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Researchers Assess Potential Wind Erosion Rate Response to Climate and Land-use Changes
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It is well known that climate and land-use changes could strongly affect wind erosion and cause a series of environmental problems. However, there are not many quantitative studies on the influence of climate and land-use changes on wind erosion in the watershed of the Ningxia-Inner Mongolia Reach of the Yellow River (NIMRYR). 

To address this research gap, a research group led by Prof. WANG Tao from the Key Laboratory of Desert and Desertification at Northwest Institute of Eco-Environment and Resources (NIEER) estimated the potential wind erosion rate (PWER) from 1986 to 2013 in the watershed of the NIMRYR and identified the response of PWER to climate and land-use changes. 

Furthermore, by using an Integrated Wind Erosion Modelling System (IWEMS) and Revised Wind Erosion Equation (RWEQ), Scientists also calculated the PWER under different climate conditions and land-use scenarios.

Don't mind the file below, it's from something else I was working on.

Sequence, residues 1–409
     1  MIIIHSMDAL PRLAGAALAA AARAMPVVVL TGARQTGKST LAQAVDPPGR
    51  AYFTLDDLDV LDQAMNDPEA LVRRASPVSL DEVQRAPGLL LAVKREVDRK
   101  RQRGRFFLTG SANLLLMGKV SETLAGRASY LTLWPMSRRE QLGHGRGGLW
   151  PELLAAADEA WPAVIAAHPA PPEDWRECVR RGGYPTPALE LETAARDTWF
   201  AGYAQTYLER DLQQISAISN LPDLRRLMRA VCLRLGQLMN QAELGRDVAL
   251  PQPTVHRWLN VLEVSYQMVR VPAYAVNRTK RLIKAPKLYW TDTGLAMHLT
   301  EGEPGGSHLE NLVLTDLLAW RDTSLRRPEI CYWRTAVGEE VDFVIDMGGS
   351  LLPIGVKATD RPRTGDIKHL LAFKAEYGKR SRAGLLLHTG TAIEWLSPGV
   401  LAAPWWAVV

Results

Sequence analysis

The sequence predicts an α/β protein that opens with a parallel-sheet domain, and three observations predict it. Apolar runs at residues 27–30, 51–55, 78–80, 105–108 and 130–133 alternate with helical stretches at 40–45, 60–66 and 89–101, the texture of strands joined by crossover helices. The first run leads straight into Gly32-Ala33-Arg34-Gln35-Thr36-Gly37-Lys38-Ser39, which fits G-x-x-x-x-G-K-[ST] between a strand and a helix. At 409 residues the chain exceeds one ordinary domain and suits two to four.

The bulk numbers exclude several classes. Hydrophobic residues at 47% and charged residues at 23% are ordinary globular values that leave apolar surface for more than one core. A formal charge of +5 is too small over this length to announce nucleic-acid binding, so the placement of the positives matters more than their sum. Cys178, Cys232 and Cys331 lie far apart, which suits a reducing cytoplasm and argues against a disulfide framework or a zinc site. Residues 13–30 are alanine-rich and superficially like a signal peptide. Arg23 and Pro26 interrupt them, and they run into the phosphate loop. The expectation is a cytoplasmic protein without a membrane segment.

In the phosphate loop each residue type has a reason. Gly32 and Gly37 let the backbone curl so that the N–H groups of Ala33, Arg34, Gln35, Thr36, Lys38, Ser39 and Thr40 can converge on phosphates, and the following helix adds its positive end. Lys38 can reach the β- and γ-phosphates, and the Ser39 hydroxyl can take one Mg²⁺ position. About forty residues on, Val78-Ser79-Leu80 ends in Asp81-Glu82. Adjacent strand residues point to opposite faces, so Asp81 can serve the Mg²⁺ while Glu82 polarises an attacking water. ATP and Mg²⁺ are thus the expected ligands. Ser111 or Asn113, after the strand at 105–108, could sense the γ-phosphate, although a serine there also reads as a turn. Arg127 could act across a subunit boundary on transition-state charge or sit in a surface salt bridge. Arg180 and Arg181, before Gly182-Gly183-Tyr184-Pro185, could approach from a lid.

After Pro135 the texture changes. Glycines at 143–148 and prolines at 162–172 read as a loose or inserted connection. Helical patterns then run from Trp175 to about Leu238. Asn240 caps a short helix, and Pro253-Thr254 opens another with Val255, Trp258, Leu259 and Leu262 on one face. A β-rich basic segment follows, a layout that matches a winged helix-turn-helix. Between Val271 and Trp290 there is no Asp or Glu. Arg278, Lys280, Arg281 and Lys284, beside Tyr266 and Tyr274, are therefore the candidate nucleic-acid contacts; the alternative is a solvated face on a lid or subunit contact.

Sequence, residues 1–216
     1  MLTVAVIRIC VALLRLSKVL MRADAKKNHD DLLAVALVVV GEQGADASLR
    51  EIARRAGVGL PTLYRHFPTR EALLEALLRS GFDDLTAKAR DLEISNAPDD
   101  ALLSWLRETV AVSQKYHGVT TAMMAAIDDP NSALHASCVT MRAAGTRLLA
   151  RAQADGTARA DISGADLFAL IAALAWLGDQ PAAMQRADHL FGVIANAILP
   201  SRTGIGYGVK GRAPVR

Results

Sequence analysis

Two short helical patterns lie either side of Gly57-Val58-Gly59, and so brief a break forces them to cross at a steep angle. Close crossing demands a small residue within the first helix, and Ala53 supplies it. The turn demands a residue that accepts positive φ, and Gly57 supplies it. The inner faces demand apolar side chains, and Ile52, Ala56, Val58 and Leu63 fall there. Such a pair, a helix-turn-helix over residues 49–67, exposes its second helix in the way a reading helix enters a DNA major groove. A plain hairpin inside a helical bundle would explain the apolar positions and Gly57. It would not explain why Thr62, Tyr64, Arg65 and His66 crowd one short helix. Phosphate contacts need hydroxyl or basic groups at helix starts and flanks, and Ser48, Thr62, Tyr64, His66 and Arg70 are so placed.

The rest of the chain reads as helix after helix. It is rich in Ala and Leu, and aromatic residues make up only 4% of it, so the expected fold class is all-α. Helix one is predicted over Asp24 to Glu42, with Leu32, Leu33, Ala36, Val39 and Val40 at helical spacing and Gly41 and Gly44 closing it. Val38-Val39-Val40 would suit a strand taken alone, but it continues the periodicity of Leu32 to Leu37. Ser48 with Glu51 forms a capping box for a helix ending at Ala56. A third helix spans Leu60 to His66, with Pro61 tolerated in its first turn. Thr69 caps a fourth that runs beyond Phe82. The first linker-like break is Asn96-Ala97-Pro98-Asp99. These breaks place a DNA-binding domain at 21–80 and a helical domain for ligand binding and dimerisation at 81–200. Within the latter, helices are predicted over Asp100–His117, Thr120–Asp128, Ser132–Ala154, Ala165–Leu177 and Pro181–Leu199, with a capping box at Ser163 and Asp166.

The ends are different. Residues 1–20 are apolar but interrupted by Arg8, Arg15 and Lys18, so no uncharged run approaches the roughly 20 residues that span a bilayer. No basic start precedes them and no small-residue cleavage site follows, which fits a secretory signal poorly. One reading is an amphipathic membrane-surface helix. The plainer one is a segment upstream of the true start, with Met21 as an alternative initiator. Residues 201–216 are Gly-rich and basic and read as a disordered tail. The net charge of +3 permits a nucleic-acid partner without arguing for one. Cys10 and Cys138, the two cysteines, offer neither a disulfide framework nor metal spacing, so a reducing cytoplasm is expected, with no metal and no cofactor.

Research results show that the average PWER of the NIMRYR watershed decreased rapidly during the period of 1986 to 2013, especially since 2006. Besides, through analysis of the relationship among PWER, climate change and land-use changes, scientists found that the climate change was the dominant control factor on the PWER change in this watershed. 

This research achievement could provide some valuable references for wind erosion modelling, and the research results should help climate and land-use researchers to develop strategies to reduce wind erosion. 

This research is financially supported by the Nature Science Foundation of China (Grant No. 41601009 and the National Key Research and Development Program of China (Grant No. 2016YFC0500902). Some of the data set has been provided by the Environmental and Ecological Science Data Centre for West China, the National Natural Science Foundation of China. This research achievement has been published on Earth Surface Processes and Landforms. 


Heqiang DU 


Key Laboratory of Desert and Desertification, Northwest Institute of Eco-Environment and Resources, Chinese Academy of Sciences, Lanzhou, 730000, P. R. China. 

 Fig. Sketched maps of the Ningxia–Inner Mongolia Reach of the Yellow River (NIMRYR) watershed. (Image by Heqiang DU) 

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